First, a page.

Identify, disseminate, and implement effective equity-minded marketing and outreach practices to reach underserved populations, and disseminate them system-wide.

Strategy D

Develop tools and provide support for community-based, equity-minded awareness campaigns in each community college district to reach community members who “stopped out” during high school or after high school completion to address the value of a postsecondary credential.

Expand All

Identify, disseminate, and implement effective equity-minded adult re-engagement programs that identify, eliminate, and reduce barriers and create opportunities including consideration of strategies for workplace learning, basic education for adults, distance education and other delivery modes.

  • All colleges should participate as fully as possible in the Washington Student Achievement Council (WSAC) Adult Reengagement Framework implementation this year and beyond.

Identify, disseminate, and implement effective equity-minded guided pathways onramps for underserved populations that help students earn a high school diploma and/or transition to college-level coursework.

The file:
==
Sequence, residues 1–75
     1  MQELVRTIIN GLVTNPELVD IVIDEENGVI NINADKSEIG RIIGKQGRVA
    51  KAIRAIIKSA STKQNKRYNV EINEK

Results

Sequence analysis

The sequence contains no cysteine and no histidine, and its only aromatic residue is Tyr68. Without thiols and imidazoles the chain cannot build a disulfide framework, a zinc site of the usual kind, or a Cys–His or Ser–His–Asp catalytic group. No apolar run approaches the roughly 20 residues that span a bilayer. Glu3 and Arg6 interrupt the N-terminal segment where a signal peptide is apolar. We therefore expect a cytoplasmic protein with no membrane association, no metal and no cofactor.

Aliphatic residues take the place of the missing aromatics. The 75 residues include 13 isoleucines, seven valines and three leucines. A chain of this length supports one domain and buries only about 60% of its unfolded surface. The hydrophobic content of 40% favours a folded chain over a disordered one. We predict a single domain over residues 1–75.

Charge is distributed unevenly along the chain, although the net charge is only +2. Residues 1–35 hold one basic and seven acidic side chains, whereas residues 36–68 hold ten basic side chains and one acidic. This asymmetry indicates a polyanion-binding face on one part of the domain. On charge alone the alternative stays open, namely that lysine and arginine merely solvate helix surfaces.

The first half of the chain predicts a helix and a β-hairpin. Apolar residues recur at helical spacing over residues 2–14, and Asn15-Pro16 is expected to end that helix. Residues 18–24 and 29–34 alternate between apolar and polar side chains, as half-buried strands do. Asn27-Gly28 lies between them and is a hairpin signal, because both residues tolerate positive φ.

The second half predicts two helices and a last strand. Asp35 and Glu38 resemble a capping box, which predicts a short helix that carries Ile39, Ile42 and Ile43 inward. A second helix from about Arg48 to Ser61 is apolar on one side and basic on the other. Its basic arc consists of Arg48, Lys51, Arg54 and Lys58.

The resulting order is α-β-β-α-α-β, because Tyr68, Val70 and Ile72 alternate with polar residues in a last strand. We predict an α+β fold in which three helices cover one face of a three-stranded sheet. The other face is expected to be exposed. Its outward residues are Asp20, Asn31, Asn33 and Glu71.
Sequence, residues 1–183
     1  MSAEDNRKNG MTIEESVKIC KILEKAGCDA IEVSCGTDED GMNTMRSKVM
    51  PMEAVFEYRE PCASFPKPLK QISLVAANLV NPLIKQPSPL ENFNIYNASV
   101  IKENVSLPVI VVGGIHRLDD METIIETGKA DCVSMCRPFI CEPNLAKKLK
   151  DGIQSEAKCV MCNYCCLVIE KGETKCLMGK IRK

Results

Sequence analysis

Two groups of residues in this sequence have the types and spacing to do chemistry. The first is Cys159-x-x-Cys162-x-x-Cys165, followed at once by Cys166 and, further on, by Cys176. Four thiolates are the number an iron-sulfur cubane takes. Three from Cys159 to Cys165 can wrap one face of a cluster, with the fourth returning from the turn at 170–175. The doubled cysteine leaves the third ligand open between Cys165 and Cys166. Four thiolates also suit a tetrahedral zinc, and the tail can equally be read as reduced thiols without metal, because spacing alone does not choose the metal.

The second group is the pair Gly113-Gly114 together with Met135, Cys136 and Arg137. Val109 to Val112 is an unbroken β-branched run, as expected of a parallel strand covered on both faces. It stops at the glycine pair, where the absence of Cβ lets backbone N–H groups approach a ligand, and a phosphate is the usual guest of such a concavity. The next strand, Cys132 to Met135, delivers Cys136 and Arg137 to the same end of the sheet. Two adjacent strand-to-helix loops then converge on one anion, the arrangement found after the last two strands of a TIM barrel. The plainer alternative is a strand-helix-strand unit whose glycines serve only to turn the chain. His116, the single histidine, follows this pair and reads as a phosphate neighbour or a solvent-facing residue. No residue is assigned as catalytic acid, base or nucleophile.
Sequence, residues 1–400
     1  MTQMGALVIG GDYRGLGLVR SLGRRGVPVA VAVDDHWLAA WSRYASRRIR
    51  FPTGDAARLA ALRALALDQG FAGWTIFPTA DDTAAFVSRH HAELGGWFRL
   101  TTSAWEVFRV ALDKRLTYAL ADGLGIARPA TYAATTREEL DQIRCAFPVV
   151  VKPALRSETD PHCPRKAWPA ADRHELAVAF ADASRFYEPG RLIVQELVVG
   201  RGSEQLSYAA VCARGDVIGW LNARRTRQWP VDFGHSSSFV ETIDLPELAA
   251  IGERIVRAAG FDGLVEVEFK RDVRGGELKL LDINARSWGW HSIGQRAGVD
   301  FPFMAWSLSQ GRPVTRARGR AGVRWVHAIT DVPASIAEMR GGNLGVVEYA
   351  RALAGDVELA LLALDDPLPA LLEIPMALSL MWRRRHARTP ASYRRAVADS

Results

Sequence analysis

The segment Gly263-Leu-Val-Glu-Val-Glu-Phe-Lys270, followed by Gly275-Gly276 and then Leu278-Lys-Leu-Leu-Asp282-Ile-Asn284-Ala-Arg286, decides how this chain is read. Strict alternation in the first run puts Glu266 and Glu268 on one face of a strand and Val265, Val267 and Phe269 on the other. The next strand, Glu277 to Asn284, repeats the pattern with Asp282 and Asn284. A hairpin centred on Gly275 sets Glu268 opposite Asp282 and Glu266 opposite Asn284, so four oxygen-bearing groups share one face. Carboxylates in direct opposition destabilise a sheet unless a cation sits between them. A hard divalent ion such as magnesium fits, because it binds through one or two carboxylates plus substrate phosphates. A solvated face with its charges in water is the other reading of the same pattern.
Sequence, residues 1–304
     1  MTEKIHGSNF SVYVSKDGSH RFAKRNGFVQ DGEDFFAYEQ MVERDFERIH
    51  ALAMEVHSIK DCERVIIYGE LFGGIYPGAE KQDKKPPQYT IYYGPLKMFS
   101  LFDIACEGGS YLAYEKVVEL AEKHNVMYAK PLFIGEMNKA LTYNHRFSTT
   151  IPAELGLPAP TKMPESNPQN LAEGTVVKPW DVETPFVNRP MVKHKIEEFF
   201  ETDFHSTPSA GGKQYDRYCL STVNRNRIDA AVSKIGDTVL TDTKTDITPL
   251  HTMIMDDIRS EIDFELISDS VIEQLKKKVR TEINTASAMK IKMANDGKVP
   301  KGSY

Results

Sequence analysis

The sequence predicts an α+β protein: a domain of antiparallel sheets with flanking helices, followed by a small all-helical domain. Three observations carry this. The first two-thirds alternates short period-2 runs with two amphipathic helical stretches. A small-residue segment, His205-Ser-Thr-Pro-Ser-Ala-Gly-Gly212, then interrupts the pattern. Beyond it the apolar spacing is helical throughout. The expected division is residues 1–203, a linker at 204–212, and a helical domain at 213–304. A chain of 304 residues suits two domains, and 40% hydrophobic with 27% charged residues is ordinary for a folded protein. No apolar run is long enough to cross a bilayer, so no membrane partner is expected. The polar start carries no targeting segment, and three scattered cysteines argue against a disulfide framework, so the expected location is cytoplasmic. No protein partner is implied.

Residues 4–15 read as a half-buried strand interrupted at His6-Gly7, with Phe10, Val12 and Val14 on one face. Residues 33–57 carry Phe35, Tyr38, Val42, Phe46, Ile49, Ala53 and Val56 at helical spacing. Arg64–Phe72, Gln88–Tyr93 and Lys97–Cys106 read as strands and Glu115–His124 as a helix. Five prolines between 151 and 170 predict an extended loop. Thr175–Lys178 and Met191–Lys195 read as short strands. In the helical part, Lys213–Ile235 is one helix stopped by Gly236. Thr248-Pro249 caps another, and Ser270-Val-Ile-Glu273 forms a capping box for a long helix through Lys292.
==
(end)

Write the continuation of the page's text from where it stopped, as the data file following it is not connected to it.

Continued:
• Basic Education for Adults (BEdA) programs should be integrated into all meta-majors as the foundation of each meta-major
  • Track the number and percent of individuals accessing the Ability to Benefit option for Pell Grants
  • Track the number and percent of BEdA students accessing the dual enrollment option through High School 21+ and I-BEST or other college-level career pathways.

Identify, disseminate, and implement effective equity-minded marketing and outreach practices to reach underserved populations, and disseminate them system-wide.

  • Identify promising and effective marketing and outreach efforts using the Public Information Commission (PIC) as an idea-sharing and troubleshooting venue.

Develop tools and provide support for community-based, equity-minded awareness campaigns in each community college district to reach community members who “stopped out” during high school or after high school completion to address the value of a postsecondary credential.

  • Involve the Public Information Commission (PIC) — along with the State Board and WACTC commissions and councils — in developing a toolset to support college district/community-level adult reengagement efforts.